Venus-Harrison were not afforded a great draw with a dangerous French pairing as their first round foes in Fabrice Martin and Jeremy Chardy. Martin-Chardy have teamted up three times this season and made two finals, taking home the titles early in the season in Doha. This is a dangerous first round match-up and there is big time upset potential here. The winner gets either Marcin-Matkowski-Max Mirnyi or Taylor Fritz-Reily Opelka. Matkowski-Mirnyi would be the outsiders to watch. They played well on grass together, making the Wimbledon quarterfinals. Whether they can reproduce that in New York is a big question. I would not be surprised though if this part of the draw was blown up early.

On the other side, the Spaniards Marc and Feliciano Lopez might have a better draw, but do not have any sort of form coming into this week. They open against Andre Begemann and Divij Sharan. Sharan is without his normal partner Purav Raja as both decided to split prior to the U.S. Open believing their ranking as a team would not get them into the draw. So Raja is teaming with Leander Paes, while Sharan goes with the German. Even with the Spaniards in poor form, it’s a lot to ask for these two to mesh on the fly. Team Lopez MIGHT be able to snag an increasingly rare win.

The winner gets either Podlipnik Castillo-Vasilevski or Mannarino-Seppi. Podlipnik Castillo-Vasilevski are the ones to watch out for here. These are talented and experienced guys with chemistry. You probably didn’t notice, but they made the Wimbledon quarterfinals this year. Most of their work has been done at Challengers, where they have been ripping it up with three titles and four total finals appearances. They come in hot off one of those titles at the Portoroz Challenger. In a weak part of the draw, they have serious dark horse capability.

Quarter #4 Seeds
Kubot-Melo (2)
Bryans (5)
Marach-Pavic (9)
Groth-Qureshi (16)

Top Half Breakdown
Kubot-Melo begin their U.S. Open campaign against the mish mosh team of Ken Skupski and Guillermo Duran. The second seeds should get through with minimal hassle. Round two is where it could be testier with veteran Frenchmen Julian Benneteau and Eduoard Roger-Vasselin as likely opponents. Benneteau-ERV open against Basilashvili and Haider-Maurer, the latter of whom retired in his singles match in round one. Benneteau-ERV have only played together once this season, but have been regular partners in the past. Grass however has been their best surface with hard courts not producing the best results in the last two seasons when they have paired up. Do remember however that Roger-Vasselin teamed up with Fabrice Martin at the Rogers Cup to beat the current world #1s. An upset is definitely not unimaginable.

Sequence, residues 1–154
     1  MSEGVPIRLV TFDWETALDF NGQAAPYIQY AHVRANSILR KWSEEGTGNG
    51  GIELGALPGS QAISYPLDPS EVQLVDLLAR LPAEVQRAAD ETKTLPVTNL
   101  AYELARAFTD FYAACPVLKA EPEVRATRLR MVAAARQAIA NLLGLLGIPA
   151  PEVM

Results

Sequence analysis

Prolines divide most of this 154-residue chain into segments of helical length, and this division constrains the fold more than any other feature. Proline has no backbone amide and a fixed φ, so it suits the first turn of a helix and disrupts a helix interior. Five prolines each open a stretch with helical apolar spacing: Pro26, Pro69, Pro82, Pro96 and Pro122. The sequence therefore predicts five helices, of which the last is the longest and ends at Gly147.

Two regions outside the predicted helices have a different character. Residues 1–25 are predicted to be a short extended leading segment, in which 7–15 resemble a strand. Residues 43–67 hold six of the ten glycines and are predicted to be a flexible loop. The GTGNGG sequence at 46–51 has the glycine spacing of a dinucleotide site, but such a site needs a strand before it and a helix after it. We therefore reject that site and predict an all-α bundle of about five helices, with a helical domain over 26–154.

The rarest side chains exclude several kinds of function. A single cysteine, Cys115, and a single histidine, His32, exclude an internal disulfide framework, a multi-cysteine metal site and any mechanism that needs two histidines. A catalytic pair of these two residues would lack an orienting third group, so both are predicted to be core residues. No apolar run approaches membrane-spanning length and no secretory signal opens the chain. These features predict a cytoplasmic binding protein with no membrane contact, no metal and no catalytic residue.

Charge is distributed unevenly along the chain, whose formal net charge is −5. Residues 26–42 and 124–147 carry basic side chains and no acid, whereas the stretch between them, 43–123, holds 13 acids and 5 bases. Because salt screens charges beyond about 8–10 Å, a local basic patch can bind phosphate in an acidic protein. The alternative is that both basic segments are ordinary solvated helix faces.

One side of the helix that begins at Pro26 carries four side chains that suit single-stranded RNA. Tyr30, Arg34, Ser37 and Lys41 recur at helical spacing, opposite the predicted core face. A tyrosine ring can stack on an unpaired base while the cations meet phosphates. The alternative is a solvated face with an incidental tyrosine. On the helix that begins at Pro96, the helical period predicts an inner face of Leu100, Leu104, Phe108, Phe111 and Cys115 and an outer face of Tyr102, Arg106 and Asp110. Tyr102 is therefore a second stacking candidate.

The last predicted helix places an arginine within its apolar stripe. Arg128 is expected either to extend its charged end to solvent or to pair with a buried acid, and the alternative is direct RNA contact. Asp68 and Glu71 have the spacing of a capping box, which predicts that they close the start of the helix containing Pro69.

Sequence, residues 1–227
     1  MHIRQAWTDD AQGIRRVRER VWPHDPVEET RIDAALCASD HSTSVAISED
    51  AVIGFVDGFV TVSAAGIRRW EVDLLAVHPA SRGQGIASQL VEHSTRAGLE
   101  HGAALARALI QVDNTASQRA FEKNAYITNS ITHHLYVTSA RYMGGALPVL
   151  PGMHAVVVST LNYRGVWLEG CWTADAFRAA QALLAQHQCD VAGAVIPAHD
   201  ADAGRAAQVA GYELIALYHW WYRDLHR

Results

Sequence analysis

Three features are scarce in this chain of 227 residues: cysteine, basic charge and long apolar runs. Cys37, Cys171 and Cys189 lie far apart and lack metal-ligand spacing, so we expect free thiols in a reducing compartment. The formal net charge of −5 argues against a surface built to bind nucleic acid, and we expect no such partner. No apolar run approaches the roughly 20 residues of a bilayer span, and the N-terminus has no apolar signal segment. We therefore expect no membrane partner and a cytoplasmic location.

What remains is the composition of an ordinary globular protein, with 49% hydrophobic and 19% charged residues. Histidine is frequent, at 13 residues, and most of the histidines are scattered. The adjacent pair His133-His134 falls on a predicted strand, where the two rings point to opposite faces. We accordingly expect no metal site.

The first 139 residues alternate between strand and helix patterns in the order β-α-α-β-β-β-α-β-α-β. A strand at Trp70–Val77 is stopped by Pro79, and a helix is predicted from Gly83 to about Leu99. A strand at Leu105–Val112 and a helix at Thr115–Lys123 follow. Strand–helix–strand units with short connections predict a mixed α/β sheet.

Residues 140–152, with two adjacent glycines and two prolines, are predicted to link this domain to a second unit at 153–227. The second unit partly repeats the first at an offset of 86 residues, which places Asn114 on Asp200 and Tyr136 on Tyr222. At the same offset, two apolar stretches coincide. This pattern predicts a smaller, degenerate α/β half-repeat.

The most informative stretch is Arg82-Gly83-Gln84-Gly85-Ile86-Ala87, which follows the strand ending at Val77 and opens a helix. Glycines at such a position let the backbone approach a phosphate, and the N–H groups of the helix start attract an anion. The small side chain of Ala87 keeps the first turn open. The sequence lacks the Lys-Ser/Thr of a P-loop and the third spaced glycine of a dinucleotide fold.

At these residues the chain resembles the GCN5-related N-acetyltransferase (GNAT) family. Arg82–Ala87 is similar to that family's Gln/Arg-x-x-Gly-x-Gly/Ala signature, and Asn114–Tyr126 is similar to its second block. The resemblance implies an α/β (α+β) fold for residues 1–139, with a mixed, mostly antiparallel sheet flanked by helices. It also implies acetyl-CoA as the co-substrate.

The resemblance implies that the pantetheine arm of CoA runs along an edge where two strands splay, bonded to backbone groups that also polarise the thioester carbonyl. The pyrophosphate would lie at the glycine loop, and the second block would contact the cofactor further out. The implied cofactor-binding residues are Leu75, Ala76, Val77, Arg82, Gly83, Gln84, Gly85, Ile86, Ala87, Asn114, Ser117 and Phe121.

The other side of this half features Sam Groth and Aisam-Ul-Haq-Qureshi as the seeds. Both are solid doubles players, but have no experience together. That makes round one against Russians Karen Khachanov and Andrey Rublev intriguing. Neither of the Russians are regular doubles players, but they have played enough to be threatening. I would expect Groth-Qureshi to probably get out of round one, but maybe just barely. That’s where they will see either Paes-Sharan or Tipsarevic-Troicki. Leander Paes is playing in his 24th U.S. Open, but he hasn’t made big runs at Slams much in the past two years. He did team with Radek Stepanek to win the USO titles in 2013, but hasn’t been past round three since then. The all-Serb squad teams up for the second straight Slam. They went 1-1 at Wimbledon. Based solely on doubles prowess, Paes and Sharan are the pick, but not overly confident in that selection.

Bottom Half Breakdown
This could be a great segment of the draw with the Bryans and Marach-Pavic as the seeds. Those two played once this season with Marach-Pavic winning on grass in Stuttgart during their magnificent summer grass swing that ended in a Wimbledon finals appearance. After starting the summer well with titles in Atlanta, the Bryans have been unable to get past the top tier teams as the tournaments grew bigger and the fields got more battled tested. They lost in the semis in D.C. to Kubot-Melo and then were beaten by their nemesis team, Herbert-Mahut, both in Montreal and Cincinnati. The French are 5-0 lifetime against the Bryans.